Future works are planned to continue the conservation of the building facades once the moisture has evaporated from the walls and the damaging salts have migrated to the surface.

2014 Urgent Conservation Works
During 2012 and 2013 the poor condition of the rear of the parapets of the Union Stores was discovered and remedial works were planned for 2014. These parapets had become unstable due to the deterioration of the soft clay bricks – deterioration that had been exacerbated by well-meaning but inappropriate repairs in the 1980s as well as the painting of the building facades from the 1960s onwards.

Like the Fremantle Town Hall, damaging salts and moisture had seeped into the walls through hairline cracks and were trapped in the walls by cement render and plastic paints. The entrapped salts and moisture led to the deterioration of the soft clay bricks and lime mortar of the wall itself and caused embedded iron pins in decorative mouldings and structural bolts and plates to rust and expand causing cracking in the walls. To address this problem the paint and cement renders were removed to allow the walls to breathe and new repairs made use of breathable lime mortars, hydraulic lime renders and lime wash finishes.

However, the construction and condition of the Unions Stores was different to the Town Hall and required a different approach for its conservation. Removing the paint from the parapets was more difficult because the stucco surface was softer and in poorer condition. Also the early use of calcimine paint and lime wash on the building meant that although the walls could breathe well, not all of the pigment could be successfully removed.

The biggest difference however, was the volume of salt escaping from the walls. Almost immediately after the removal of paint and cement render from the parapets of the union stores large amounts of salt began to crystallise on the surface of the parapets. Within the same timeframe there was only a small amount of discolouration from salt at the Fremantle Town Hall. While the appearance of salt on the surface is good because it shows that the walls are healing themselves, when there is a large amount of salt it needs to be managed to minimise damage to the surface of the stucco. For this reason a sacrificial coating of lime wash was applied to the surface of the conserved areas so that the salt would crystallise on the lime wash causing it to decay rather than the stucco. The building was then left to gradually dry out expel the salts before any further works were undertaken.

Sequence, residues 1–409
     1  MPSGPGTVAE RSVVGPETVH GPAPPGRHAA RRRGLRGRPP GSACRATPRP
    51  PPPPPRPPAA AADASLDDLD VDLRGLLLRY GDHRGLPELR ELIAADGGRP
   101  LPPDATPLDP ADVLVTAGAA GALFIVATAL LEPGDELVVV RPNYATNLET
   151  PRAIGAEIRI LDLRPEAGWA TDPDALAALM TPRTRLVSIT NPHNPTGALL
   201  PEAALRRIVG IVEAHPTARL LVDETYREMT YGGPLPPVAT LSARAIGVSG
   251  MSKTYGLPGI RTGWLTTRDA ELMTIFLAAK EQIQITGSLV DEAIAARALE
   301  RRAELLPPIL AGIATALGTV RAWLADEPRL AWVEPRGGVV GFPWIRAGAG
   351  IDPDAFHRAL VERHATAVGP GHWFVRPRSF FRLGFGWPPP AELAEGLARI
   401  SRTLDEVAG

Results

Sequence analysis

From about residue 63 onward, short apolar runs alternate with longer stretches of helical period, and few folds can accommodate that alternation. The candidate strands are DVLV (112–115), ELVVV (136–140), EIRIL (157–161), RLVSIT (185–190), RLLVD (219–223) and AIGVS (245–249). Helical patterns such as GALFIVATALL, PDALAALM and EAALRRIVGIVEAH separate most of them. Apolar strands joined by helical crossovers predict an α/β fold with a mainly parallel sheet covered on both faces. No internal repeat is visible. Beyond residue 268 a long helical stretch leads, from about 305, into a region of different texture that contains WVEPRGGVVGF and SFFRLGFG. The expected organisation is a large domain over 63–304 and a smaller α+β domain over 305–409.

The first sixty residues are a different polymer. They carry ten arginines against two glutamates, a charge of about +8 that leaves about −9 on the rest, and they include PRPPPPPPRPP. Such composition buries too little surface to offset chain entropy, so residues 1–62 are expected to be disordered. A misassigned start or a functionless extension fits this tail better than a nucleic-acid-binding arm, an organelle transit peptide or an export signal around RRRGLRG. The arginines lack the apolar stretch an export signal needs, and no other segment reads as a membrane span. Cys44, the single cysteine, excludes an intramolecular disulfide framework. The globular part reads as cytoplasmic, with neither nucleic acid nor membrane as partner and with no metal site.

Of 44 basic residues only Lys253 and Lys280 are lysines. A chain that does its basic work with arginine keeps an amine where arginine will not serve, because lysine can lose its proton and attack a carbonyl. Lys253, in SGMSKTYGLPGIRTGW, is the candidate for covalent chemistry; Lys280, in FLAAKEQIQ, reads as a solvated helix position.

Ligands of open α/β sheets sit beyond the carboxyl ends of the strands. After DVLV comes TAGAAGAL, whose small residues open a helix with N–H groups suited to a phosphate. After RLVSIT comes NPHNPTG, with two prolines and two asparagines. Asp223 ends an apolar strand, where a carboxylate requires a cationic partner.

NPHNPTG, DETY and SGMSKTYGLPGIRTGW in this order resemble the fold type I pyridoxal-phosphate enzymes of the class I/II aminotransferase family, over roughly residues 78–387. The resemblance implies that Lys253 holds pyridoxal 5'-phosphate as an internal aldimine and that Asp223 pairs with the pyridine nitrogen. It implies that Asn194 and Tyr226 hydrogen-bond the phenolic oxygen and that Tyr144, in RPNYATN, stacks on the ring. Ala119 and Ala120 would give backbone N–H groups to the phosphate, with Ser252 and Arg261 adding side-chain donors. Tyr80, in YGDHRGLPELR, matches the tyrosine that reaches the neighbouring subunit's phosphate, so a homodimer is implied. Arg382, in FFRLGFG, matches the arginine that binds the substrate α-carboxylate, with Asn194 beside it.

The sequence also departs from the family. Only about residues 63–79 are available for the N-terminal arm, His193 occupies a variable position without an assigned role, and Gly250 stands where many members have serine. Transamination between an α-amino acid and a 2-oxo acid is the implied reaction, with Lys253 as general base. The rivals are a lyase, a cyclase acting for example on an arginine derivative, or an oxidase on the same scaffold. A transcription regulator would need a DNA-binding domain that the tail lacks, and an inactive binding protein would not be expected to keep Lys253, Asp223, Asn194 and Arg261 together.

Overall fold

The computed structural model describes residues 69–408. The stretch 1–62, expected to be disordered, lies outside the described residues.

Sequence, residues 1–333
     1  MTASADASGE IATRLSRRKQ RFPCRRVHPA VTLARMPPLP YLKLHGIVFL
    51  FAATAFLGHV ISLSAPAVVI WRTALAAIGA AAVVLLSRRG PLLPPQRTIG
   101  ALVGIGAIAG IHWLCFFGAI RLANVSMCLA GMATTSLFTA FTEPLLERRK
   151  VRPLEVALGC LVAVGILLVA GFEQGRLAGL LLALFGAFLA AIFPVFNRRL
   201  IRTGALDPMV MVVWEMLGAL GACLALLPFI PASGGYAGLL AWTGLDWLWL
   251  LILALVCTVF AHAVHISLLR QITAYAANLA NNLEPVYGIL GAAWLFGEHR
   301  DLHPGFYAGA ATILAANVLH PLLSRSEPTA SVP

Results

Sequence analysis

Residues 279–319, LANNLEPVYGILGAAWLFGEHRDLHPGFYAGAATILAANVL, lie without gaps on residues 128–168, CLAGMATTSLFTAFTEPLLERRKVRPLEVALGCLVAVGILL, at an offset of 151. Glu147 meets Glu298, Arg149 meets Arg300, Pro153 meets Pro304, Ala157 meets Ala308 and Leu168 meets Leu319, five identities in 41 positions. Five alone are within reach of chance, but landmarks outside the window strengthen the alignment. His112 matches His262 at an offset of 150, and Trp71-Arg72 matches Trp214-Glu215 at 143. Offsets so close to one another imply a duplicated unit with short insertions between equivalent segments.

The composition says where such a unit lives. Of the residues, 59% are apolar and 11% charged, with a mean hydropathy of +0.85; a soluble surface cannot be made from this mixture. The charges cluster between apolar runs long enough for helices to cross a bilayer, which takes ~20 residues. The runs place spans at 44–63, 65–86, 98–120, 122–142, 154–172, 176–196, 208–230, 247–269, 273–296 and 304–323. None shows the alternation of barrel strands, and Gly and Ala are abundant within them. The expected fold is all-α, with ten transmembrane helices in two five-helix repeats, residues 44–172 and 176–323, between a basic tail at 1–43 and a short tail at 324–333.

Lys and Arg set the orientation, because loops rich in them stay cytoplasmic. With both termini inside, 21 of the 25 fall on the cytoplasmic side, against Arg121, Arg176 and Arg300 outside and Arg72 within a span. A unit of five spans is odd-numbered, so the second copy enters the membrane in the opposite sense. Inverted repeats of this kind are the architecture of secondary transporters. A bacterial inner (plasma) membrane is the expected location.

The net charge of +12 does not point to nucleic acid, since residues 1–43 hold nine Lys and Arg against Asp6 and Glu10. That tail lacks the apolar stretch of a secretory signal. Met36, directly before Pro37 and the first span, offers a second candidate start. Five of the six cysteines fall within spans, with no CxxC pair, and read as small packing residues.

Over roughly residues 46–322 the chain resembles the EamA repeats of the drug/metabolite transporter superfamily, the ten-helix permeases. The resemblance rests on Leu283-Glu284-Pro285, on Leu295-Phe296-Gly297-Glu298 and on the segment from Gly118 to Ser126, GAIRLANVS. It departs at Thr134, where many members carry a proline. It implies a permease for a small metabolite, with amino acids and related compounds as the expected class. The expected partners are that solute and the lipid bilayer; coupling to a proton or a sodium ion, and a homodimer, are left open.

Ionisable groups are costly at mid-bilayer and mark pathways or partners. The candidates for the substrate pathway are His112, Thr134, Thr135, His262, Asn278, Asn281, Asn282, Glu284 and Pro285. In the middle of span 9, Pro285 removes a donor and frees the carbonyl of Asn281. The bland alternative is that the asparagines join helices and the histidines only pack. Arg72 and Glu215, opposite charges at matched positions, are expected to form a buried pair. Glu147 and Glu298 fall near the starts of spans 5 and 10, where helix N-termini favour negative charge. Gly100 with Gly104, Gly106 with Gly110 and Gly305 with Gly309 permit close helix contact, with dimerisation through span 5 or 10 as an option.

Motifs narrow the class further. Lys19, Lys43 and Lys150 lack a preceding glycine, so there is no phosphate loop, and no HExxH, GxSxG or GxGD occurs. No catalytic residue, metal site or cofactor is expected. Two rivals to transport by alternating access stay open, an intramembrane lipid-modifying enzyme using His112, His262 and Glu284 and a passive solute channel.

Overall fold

Now in 2017 the salt crystals and some of the decayed lime wash has been washed off the Union Stores leaving the parapets looking somewhat patchy but in much better physical condition. This means that when further conservation works are undertaken in the future they will not be affected by salt damage.

We expect that the Fremantle Town Hall will suffer some deterioration from escaping salts as the walls breathe again but it will not be as significant as the Union Stores. Also, because the removal of paint from the stucco at the town hall was more successful, when there is some deterioration it will be less obvious as it will be the same colour as the surrounding stucco.

The Fremantle Townhall will officially be unveiled on Friday May 26 at 11.30 am at the start of the Heritage Festival. It looks absolutely stunning!

STUNNING TOWNHALL CONSERVATION WORK

Posted in architecture, city of fremantle, conversation, heritage, Uncategorized by freoview on May 3, 2017

Fremantle Townhall

 

Someone should get a heritage award for the stunning conservation work that has been done on the Fremantle Townhall.

The last details are being attended to before the entire building will be revealed at the start of Fremantle Heritage Week.

The buildings is now so delightfully beautiful and a real icon in our city.

If parts of it look patchy that is good, as it is a sign the building is now healing itself and getting rid of accumulated salt.

Well done everyone involved and a big thank you to the City of Fremantle heritage department!

Roel Loopers